Another noted that she didn't feel the burden lift from her shoulders until she received the letter from her lender saying that the debt had been repaid – so make sure that you also receive such a letter, and hold on to it. After all the hard work you'll have accomplished by following the advice of these savvy individuals, you might even want to have it framed.

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4 in 5 Americans Are Ignoring Buffett's Warning

Don't be one of them.

Jun 12, 2015 at 5:01PM

Admitting fear is difficult.

So you can imagine how shocked I was to find out Warren Buffett recently told a select number of investors about the cutting-edge technology that's keeping him awake at night.

This past May, The Motley Fool sent 8 of its best stock analysts to Omaha, Nebraska to attend the Berkshire Hathaway annual shareholder meeting. CEO Warren Buffett and Vice Chairman Charlie Munger fielded questions for nearly 6 hours.
The catch was: Attendees weren't allowed to record any of it. No audio. No video. 

Our team of analysts wrote down every single word Buffett and Munger uttered. Over 16,000 words. But only two words stood out to me as I read the detailed transcript of the event: "Real threat."

That's how Buffett responded when asked about this emerging market that is already expected to be worth more than $2 trillion in the U.S. alone. Google has already put some of its best engineers behind the technology powering this trend. 

The amazing thing is, while Buffett may be nervous, the rest of us can invest in this new industry BEFORE the old money realizes what hit them.

KPMG advises we're "on the cusp of revolutionary change" coming much "sooner than you think."

Even one legendary MIT professor had to recant his position that the technology was "beyond the capability of computer science." (He recently confessed to The Wall Street Journal that he's now a believer and amazed "how quickly this technology caught on.")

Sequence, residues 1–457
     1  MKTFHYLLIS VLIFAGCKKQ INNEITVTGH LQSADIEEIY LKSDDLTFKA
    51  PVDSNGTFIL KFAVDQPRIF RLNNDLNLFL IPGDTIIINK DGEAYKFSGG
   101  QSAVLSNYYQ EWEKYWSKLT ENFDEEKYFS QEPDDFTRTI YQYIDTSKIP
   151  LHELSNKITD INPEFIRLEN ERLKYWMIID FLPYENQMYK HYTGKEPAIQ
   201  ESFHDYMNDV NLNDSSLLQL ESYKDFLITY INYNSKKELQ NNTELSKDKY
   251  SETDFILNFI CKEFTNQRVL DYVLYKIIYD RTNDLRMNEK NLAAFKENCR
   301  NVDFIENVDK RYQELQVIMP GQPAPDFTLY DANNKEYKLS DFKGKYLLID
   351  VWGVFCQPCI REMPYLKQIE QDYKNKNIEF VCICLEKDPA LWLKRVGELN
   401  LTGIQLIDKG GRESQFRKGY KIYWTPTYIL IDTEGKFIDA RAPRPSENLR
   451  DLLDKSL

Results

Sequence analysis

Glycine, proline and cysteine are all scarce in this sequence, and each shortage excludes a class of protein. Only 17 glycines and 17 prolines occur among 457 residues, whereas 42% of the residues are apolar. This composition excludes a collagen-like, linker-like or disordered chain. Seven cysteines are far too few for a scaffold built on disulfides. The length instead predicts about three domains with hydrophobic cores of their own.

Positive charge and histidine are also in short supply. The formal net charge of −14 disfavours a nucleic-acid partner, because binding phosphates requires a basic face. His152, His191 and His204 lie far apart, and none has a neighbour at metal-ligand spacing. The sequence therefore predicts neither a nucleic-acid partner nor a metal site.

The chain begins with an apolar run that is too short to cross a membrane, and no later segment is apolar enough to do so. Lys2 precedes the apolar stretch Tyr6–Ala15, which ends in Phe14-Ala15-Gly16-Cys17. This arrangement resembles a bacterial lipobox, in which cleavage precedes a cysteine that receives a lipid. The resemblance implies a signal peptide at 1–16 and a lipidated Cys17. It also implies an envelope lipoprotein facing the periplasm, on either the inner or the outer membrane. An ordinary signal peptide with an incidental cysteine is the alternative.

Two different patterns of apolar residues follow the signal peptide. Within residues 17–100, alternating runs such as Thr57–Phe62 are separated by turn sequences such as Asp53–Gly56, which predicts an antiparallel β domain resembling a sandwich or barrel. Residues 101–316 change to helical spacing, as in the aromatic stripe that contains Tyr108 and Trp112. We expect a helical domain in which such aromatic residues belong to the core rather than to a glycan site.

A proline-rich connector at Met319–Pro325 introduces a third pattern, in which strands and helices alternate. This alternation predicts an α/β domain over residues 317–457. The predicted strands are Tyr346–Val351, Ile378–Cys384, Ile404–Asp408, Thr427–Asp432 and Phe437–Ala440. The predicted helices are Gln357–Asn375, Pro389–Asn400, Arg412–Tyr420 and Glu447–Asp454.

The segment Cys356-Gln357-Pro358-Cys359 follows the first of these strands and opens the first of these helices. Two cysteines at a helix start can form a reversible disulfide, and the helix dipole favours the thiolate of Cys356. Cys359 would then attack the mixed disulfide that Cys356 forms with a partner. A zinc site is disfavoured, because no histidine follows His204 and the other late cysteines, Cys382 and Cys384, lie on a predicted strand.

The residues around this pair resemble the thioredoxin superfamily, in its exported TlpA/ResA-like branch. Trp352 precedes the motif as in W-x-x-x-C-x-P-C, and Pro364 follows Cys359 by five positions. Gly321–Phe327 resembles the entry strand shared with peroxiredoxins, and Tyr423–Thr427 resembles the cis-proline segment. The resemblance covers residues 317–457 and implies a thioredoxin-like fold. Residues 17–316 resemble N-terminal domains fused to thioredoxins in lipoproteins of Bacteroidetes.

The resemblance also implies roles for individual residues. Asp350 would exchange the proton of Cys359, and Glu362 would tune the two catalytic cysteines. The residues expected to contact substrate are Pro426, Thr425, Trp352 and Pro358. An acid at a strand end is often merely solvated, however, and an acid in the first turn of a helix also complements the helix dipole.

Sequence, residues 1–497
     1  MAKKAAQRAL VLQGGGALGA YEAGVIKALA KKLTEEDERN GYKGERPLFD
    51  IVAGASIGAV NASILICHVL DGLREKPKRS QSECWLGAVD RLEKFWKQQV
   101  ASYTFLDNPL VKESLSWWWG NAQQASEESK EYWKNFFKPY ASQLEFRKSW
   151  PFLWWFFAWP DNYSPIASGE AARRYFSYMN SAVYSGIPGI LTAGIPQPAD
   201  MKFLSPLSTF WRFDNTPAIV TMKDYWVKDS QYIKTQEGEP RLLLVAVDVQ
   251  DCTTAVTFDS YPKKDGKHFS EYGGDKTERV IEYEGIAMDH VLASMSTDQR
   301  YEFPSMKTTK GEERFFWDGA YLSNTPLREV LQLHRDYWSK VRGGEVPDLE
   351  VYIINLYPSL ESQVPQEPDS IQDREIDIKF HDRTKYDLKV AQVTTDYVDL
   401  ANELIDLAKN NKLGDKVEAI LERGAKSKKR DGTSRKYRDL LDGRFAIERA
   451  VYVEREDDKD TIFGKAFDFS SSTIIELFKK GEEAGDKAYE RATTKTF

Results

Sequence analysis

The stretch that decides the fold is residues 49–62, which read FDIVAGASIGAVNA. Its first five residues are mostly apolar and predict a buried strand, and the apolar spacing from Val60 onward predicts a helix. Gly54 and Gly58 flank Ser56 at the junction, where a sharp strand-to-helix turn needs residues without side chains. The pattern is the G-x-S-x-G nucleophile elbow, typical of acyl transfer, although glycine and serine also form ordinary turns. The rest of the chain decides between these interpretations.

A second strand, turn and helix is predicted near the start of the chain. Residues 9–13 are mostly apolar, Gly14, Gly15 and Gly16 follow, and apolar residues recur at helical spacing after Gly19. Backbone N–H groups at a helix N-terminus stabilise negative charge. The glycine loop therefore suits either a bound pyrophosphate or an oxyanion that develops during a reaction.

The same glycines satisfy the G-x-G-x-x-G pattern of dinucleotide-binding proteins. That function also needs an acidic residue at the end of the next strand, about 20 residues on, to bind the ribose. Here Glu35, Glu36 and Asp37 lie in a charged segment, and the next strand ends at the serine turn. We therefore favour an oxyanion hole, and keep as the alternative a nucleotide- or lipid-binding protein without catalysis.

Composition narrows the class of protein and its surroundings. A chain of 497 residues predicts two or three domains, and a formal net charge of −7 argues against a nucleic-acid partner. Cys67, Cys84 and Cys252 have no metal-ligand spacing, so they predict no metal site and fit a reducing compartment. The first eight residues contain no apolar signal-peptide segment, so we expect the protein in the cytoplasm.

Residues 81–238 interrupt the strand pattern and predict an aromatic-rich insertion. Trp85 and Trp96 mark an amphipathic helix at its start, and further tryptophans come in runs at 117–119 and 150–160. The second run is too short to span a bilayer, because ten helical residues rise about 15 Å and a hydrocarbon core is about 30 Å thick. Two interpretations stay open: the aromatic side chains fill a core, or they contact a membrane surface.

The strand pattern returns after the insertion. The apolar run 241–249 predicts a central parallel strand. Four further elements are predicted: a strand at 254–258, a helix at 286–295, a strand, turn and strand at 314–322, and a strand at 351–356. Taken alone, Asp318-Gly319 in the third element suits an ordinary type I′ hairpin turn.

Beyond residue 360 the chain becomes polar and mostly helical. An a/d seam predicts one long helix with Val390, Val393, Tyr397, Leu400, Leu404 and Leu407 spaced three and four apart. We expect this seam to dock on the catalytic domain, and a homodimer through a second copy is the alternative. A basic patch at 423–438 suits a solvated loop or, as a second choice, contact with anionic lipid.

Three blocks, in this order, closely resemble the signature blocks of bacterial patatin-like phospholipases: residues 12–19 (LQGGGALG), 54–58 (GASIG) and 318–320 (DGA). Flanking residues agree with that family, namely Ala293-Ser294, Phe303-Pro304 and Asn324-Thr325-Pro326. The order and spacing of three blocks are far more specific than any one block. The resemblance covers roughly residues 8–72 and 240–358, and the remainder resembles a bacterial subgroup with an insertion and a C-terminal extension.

Yet according to one J.D. Power and Associates survey, only 1 in 5 Americans are even interested in this technology, much less ready to invest in it. Needless to say, you haven't missed your window of opportunity. 

Think about how many amazing technologies you've watched soar to new heights while you kick yourself thinking, "I knew about that technology before everyone was talking about it, but I just sat on my hands." 

Don't let that happen again. This time, it should be your family telling you, "I can't believe you knew about and invested in that technology so early on."

That's why I hope you take just a few minutes to access the exclusive research our team of analysts has put together on this industry and the one stock positioned to capitalize on this major shift.

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David Hanson owns shares of Berkshire Hathaway and American Express. The Motley Fool recommends and owns shares of Berkshire Hathaway, Google, and Coca-Cola.We Fools don't all hold the same opinions, but we all believe that considering a diverse range of insights makes us better investors. The Motley Fool has a disclosure policy.